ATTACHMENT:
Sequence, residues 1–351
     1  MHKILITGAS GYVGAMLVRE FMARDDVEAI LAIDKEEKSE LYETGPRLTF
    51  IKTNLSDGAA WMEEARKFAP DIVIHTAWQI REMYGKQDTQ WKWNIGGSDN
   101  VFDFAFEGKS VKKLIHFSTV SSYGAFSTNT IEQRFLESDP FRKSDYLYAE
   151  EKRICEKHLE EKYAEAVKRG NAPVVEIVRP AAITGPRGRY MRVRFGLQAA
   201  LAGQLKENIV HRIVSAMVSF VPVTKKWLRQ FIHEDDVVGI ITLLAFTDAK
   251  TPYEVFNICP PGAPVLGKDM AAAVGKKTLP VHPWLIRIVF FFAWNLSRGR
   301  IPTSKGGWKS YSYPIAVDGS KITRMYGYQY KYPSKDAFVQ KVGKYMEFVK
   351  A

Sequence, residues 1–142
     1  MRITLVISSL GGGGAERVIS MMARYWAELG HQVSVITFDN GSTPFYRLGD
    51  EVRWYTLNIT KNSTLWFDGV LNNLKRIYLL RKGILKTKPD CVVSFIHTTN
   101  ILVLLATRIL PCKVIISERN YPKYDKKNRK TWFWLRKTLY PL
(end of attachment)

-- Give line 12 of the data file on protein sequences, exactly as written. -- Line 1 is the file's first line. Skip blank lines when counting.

    51  EVRWYTLNIT KNSTLWFDGV LNNLKRIYLL RKGILKTKPD CVVSFIHTTN